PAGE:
Everyone is aware of the physical health crisis caused by COVID-19. However, as a country, we are facing a new danger. It is coming in the form of mental health distress – increased anxiety, depression, post-traumatic stress, and suicidal impulses. Those who are vulnerable, isolated, or ill-equipped to address mental health effects of the pandemic have turned to alcohol, marijuana, porn, and over-eating in significant and quantifiable numbers. Our country is dealing with rising cases of domestic, sexual and child abuse. These problems often lead to a cascade of other medical and social problems, and our medical and public health systems are not well prepared to respond.
I’m encouraged by the agility of the church we’ve witnessed over the past two months. While our governments have done what they can to address the many needs of Americans, local churches have often been the ones to meet financial, physical and emotional needs in very efficient ways. Church leaders are deeply plugged into the specific needs of their communities, and, most importantly, they have a heart for providing spiritual support and care.
However, many pastors find it difficult to speak about mental health challenges from the pulpit. In a 2018 survey, nearly half said they rarely, or never, speak on the subject to their churches in sermons or large group messages.
The good news is that church leaders have the trust of their congregants. Many congregants will ask you or your staff for emotional help before they consider going to a professional. They believe that God can heal, and they believe that their faith and prayers play a significant role in helping them to recover.
They are not wrong.
But the current situation is complicated. As a seminary graduate and a licensed psychologist who has worked with many pastors, I have seen that many of our faith practices are helpful, even speeding recovery for those experiencing a mental health crisis. But it is also clear that when our communities do not encourage the use of appropriate medications and psychological care, people can feel isolated and not recover as quickly or holistically.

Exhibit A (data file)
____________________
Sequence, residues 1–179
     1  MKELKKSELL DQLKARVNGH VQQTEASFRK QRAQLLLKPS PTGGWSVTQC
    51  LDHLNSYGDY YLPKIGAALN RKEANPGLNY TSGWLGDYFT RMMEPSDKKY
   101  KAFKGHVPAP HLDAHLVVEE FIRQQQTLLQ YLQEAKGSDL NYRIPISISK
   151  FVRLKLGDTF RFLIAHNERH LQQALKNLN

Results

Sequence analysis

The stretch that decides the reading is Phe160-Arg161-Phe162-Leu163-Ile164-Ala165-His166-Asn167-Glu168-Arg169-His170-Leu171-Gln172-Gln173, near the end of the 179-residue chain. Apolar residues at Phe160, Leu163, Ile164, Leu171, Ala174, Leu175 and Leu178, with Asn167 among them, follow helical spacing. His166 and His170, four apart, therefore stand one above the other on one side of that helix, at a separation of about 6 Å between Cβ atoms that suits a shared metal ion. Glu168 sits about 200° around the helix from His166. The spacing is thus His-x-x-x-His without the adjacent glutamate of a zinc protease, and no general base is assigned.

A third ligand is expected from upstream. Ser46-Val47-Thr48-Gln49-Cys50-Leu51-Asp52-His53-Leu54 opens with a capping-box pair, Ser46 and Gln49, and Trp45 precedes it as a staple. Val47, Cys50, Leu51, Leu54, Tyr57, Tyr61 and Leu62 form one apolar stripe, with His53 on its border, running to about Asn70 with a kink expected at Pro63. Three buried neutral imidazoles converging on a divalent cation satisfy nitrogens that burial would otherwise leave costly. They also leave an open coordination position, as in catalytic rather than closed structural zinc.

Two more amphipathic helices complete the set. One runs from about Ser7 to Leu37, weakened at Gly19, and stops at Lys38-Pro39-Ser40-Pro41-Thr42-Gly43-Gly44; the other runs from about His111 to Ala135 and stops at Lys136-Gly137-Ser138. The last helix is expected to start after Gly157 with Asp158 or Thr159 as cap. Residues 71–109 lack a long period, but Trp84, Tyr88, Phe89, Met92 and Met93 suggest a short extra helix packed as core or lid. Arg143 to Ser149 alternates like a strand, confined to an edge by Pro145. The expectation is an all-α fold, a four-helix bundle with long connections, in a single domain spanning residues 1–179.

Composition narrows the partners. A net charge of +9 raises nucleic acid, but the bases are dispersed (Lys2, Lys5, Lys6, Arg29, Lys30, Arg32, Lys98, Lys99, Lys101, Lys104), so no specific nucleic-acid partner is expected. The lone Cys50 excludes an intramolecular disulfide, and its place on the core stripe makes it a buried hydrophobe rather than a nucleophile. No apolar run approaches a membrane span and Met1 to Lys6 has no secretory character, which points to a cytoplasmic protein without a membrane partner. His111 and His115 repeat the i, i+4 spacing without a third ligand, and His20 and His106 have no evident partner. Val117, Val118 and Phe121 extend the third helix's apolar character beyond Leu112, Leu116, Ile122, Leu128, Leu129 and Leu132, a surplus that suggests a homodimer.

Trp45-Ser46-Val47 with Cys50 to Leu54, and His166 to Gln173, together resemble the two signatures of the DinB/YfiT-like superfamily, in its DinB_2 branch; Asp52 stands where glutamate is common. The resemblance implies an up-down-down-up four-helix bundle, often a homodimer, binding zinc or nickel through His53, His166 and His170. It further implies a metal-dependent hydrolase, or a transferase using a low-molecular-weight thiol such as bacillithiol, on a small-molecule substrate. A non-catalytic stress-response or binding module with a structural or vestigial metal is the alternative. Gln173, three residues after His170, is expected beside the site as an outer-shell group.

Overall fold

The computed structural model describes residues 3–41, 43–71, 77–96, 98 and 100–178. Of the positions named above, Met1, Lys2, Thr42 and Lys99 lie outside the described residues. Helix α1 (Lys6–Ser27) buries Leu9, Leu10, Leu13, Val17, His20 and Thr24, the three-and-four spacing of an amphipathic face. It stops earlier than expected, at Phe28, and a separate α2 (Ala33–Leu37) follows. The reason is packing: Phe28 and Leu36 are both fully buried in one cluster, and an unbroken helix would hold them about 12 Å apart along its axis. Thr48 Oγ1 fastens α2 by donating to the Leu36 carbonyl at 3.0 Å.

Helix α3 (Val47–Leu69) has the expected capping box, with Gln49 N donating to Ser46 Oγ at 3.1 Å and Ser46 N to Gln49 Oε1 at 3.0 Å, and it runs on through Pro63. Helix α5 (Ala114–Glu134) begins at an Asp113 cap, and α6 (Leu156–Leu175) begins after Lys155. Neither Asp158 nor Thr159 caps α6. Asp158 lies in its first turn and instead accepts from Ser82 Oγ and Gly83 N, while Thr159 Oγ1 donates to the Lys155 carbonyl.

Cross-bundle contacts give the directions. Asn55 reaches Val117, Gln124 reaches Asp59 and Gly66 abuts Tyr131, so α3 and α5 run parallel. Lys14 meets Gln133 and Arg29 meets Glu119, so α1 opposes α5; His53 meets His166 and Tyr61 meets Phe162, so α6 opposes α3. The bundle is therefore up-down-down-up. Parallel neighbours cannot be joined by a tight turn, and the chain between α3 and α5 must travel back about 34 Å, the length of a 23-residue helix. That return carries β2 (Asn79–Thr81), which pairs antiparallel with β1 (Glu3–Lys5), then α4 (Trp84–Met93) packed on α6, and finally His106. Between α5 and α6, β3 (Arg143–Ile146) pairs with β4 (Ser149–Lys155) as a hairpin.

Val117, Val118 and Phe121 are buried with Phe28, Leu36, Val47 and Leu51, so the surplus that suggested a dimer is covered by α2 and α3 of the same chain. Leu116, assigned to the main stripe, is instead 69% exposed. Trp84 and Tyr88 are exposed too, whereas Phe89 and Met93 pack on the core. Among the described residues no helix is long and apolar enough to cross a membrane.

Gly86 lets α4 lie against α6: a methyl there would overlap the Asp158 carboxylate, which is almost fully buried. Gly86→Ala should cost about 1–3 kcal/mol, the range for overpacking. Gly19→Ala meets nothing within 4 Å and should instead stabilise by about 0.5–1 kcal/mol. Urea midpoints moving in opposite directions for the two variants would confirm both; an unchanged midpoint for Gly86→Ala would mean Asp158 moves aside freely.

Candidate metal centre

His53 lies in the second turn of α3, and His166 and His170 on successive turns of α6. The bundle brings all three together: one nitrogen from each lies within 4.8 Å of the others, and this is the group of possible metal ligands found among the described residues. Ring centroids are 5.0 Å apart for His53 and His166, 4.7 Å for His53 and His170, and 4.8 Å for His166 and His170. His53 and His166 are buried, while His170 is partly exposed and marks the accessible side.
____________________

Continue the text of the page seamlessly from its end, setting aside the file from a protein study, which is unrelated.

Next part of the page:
Just like we’d pray for healing for someone who has the coronavirus, while still trusting them to the care of medical professionals, we must pray and encourage with Scripture those struggling with their mental health, while also trusting them to the care of mental health professionals who can help them on their journey. In fact, what I love about counseling is that as a Christian psychologist, I can lean on God and His Word in my practice.
Certainly, this year and likely for many years to come, we – psychologists and pastors alike – must anticipate addressing the mental load weighing heavily on people around the world as a result of the coronavirus. By the time the world is “normal” again, fear, loss, trauma, and skepticism are likely to take root in the hearts of a majority, even those who are deeply committed to the Christian faith.
As we prepare for that future, here are a few ways church leaders can help those who searching for spiritual and emotional support:
1. Acknowledge emotional struggles are real and not a sign of spiritual weakness. In 2 Samuel 22, David recounts the distress he experienced while under attack from his enemies. He recalls the flood of death and destruction that was about to sweep him away. In that moment of peril, he remembers to do the only thing he could do, “But in my distress I cried out to the Lord: yes, I cried to my God for help” (v.7).
Notice here that God did not give David a lecture to remember to trust him. When Elijah, after a stunning victory against the prophets of Baal, turned and ran for his life and asked God to let him die (1 Kings 19), what does God do? Does He call him out for his weak faith? Give him a sermon? No. He provides for his physical needs and then, only after some time, begins to ask him some questions. Even Jonah, in the midst of ungracious rage at God (Jonah 4), receives kind and gentle questions.